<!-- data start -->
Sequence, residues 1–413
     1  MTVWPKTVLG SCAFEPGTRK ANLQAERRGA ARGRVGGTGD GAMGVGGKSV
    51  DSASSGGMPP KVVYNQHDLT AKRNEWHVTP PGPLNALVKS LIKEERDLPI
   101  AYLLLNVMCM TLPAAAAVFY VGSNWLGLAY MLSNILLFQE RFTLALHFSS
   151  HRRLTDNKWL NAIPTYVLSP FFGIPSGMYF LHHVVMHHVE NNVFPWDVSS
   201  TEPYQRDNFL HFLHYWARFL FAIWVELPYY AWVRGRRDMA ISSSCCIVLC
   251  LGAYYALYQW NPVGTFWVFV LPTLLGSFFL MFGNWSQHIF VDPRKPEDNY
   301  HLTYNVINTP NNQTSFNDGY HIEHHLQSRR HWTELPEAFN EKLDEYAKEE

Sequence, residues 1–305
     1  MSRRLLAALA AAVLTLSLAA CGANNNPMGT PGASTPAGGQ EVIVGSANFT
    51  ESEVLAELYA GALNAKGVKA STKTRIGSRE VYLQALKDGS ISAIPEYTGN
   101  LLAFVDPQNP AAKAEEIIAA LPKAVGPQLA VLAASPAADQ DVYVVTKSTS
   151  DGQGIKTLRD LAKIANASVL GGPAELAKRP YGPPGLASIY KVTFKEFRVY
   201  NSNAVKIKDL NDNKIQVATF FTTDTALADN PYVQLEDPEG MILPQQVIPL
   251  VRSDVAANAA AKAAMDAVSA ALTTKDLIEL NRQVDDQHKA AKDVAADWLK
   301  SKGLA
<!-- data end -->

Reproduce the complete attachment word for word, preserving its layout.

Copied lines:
Sequence, residues 1–413
     1  MTVWPKTVLG SCAFEPGTRK ANLQAERRGA ARGRVGGTGD GAMGVGGKSV
    51  DSASSGGMPP KVVYNQHDLT AKRNEWHVTP PGPLNALVKS LIKEERDLPI
   101  AYLLLNVMCM TLPAAAAVFY VGSNWLGLAY MLSNILLFQE RFTLALHFSS
   151  HRRLTDNKWL NAIPTYVLSP FFGIPSGMYF LHHVVMHHVE NNVFPWDVSS
   201  TEPYQRDNFL HFLHYWARFL FAIWVELPYY AWVRGRRDMA ISSSCCIVLC
   251  LGAYYALYQW NPVGTFWVFV LPTLLGSFFL MFGNWSQHIF VDPRKPEDNY
   301  HLTYNVINTP NNQTSFNDGY HIEHHLQSRR HWTELPEAFN EKLDEYAKEE

Sequence, residues 1–305
     1  MSRRLLAALA AAVLTLSLAA CGANNNPMGT PGASTPAGGQ EVIVGSANFT
    51  ESEVLAELYA GALNAKGVKA STKTRIGSRE VYLQALKDGS ISAIPEYTGN
   101  LLAFVDPQNP AAKAEEIIAA LPKAVGPQLA VLAASPAADQ DVYVVTKSTS
   151  DGQGIKTLRD LAKIANASVL GGPAELAKRP YGPPGLASIY KVTFKEFRVY
   201  NSNAVKIKDL NDNKIQVATF FTTDTALADN PYVQLEDPEG MILPQQVIPL
   251  VRSDVAANAA AKAAMDAVSA ALTTKDLIEL NRQVDDQHKA AKDVAADWLK
   301  SKGLA